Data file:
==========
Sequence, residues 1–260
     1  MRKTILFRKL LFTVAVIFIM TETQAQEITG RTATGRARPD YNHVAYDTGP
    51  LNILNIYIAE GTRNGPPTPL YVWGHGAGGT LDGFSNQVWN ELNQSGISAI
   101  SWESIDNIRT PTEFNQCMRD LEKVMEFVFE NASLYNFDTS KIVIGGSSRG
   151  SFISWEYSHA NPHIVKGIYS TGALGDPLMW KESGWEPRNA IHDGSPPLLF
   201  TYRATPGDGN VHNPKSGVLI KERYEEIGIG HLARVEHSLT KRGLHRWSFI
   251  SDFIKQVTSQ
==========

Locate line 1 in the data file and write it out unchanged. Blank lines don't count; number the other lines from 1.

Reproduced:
Sequence, residues 1–260